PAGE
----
Friday, September 24, 2010

Breast feeding

For me, the most shocking thing about having a baby was how hard breast feeding was. I just assumed it would be very natural and intuitive. Put baby to breast. How hard could it be?

As it turns out, breast feeding can be exceptionally difficult. Will and I struggled with it for weeks. He would get terribly frustrated, and I was in a lot of pain. As it turns out, we couldn't seem to get a good latch. Even after multiple meetings with a lactation consultant and two La Leche League leaders, we just couldn't make it work.

Three weeks ago we stopped nursing and started bottle feeding. I felt terribly guilty about this, but then I realized it was breast milk, not breast feeding, that was important to me. I'm still a little disappointed that we can't nurse, but at least he gets my milk every time he eats.

I pump 6-7 times a day to maintain my milk supply. My goal is to give Will breast milk for at least 6 months. But pumping exclusively is a lot of work. I get a lot of plugged ducts since the pump isn't as effective as Will in draining my breasts. And yesterday I came down with a nasty case of mastitis, a breast infection. I'm on antibiotics now, but I feel terribly achy and sore all over.

Will's colic doesn't seem to be easing any, and we're starting to consider whether he's reacting to something in my breast milk. I'm off caffeine and chocolate as a test, but I'm also considering whether he could be sensitive to dairy. Some mothers report a drastic change in their child's mood when they remove certain foods from their diet. But the lactation specialist I spoke with said it's likely coincidental. Though you eliminate "trouble" foods and the baby starts to improve, it could also be that he's just grown out of it.

Tuesday, September 21, 2010

Mom Milestone

Baby spit-up down my back. Nice.

No one said this would be glamorous.

Monday, September 20, 2010

One Month Old

Dear Will,

It's amazing how much you've changed in just four weeks. You're growing like a weed. A mere 6 pounds 8 ounces when we left the hospital, you now weigh over 10 pounds.

You're a ferocious eater. Though I was sad we had to stop nursing, you love your bottles of breastmilk. You fold you hands on your chest and drink contently until you've drained the entire thing.

The benefit to bottle feeding is that Daddy can now help overnight. We take turns getting up, feeding you and rocking you back to sleep. Though I'm tired, I miss you when I haven't seen you for 4 or 5 hours.

You've grown out of all your tiny newborn clothes. Many of the outfits you only wore once. When Daddy and I first dressed you in the hospital to bring you home, those clothes looked so big on you. Now you easily fill out your 0-3 month stuff. When I look at the clothes for 6, 9 and 12 months, I have trouble imagining you getting that big. But you'll be there before we know it.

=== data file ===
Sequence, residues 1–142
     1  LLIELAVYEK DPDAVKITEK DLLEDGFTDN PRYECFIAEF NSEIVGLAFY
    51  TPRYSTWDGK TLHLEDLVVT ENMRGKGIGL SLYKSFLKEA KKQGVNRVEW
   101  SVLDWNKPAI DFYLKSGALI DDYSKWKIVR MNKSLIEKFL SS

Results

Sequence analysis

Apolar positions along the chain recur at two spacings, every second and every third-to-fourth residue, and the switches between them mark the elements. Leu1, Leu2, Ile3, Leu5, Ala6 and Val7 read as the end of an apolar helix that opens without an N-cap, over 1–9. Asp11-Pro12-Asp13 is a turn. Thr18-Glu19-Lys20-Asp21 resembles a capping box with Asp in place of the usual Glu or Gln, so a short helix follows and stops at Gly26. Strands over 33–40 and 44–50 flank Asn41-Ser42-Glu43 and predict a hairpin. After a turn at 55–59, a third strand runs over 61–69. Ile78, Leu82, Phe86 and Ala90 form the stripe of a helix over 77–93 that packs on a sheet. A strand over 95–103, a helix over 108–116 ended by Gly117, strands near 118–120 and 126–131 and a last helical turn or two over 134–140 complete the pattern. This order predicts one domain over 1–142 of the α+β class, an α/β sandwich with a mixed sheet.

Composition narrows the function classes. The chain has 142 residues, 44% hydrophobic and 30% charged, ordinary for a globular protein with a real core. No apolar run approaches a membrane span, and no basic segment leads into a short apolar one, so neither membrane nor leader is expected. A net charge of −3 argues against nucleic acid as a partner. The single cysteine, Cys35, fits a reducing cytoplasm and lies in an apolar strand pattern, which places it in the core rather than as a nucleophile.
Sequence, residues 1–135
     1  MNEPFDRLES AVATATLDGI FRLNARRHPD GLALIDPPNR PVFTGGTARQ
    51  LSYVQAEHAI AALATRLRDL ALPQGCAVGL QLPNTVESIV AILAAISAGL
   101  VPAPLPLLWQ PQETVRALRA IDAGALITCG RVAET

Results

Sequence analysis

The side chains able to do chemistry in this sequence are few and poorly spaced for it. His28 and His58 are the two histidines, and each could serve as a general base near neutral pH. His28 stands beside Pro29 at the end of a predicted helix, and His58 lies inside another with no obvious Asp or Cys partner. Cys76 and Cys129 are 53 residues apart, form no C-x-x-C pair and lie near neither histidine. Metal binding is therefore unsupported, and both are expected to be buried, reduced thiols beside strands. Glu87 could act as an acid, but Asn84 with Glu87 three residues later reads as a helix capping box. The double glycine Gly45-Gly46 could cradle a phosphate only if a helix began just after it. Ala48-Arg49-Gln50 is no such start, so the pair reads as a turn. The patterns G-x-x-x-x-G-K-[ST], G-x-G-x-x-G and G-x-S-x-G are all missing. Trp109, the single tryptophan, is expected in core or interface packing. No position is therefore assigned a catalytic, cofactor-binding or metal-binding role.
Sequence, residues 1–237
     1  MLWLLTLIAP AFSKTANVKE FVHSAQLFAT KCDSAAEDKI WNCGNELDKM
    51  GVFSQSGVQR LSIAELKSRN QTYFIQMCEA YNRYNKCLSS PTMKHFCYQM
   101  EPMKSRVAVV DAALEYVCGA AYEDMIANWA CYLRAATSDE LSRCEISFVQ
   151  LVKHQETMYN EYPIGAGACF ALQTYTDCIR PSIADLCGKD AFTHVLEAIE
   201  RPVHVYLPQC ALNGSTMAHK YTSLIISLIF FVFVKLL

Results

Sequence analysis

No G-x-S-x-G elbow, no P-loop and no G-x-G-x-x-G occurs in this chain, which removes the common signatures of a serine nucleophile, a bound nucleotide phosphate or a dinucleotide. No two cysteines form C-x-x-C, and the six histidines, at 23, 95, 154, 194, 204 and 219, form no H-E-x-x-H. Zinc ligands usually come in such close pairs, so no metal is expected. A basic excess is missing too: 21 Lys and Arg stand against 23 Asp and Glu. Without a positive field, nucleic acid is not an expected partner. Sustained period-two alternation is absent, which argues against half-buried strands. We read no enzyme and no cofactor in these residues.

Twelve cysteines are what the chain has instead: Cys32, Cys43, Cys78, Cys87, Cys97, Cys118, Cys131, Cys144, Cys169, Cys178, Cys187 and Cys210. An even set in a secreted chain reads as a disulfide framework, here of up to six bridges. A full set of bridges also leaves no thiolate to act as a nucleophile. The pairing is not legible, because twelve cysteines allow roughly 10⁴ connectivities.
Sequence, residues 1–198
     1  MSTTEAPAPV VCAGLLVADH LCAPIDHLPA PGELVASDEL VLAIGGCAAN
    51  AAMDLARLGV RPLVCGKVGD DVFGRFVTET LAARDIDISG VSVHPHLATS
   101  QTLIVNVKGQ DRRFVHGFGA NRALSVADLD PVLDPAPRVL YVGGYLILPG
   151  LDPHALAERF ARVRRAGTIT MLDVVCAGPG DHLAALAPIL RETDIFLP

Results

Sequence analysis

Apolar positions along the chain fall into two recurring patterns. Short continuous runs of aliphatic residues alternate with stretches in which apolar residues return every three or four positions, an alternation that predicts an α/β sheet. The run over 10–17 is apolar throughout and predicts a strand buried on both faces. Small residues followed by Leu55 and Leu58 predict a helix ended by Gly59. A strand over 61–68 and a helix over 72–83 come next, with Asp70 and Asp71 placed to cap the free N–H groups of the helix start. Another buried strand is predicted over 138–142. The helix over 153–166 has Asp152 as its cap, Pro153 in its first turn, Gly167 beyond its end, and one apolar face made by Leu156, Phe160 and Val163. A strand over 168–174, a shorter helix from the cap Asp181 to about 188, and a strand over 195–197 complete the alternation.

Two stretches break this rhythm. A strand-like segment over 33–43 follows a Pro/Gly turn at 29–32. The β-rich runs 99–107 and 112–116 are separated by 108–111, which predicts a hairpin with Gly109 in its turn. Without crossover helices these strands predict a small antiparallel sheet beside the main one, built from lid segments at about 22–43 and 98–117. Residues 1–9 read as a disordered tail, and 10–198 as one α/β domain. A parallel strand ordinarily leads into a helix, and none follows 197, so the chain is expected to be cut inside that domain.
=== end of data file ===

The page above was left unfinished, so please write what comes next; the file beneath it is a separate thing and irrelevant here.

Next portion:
You have a bit of colic, which makes our evenings a little stressful. You'll grow out of it in the coming weeks, but until then we do our best to cuddle and comfort you. It can be frustrating, but more than anything I feel terrible that you're so uncomfortable.

You still wake every 2-3 hours overnight, but you settle down really well after you've eaten. Our nighttime ritual is a bottle, a bath, a book, and a lullabye. We sing, bounce and rock until you fall back to sleep. I love snuggling with you nestled between my shoulder and my neck.

At one month old, you want to be held all the time. I constantly have you in your Beco carrier or a cloth sling. I'm getting really good at doing things one handed. From cooking to laundry to typing, I've learned how to cuddle you and still cross items off my to-do list.

Our days together just fly by. You love to be one the go. We take daily trips in the stroller or the car. Target, the grocery store and the library are among our favorite destinations. You enjoy the noise and the movement, and easily snooze through all of our errands.

You make the funniest noises and faces. My favorite is your Elvis lip after you've finished eating. We started calling you "Squeaker" several weeks ago because you're always making little pops, squeaks, grunts and sighs. The other day you were moaning like a creeky door while you were sleeping. Whoever coined the term "sleeping like a baby" certainly never met a little boy like you.

Though some days are tiring, I have to remind myself that you will never be this little ever again. I never want to forget how tiny your hands are, or how small and light you are in my arms. Sometimes I just sit and marvel at how perfect you are. I'm so proud to be your mother.



Saturday, September 4, 2010

Welcoming Will

Sorry, this has taken forever to write. But there was a lot to remember!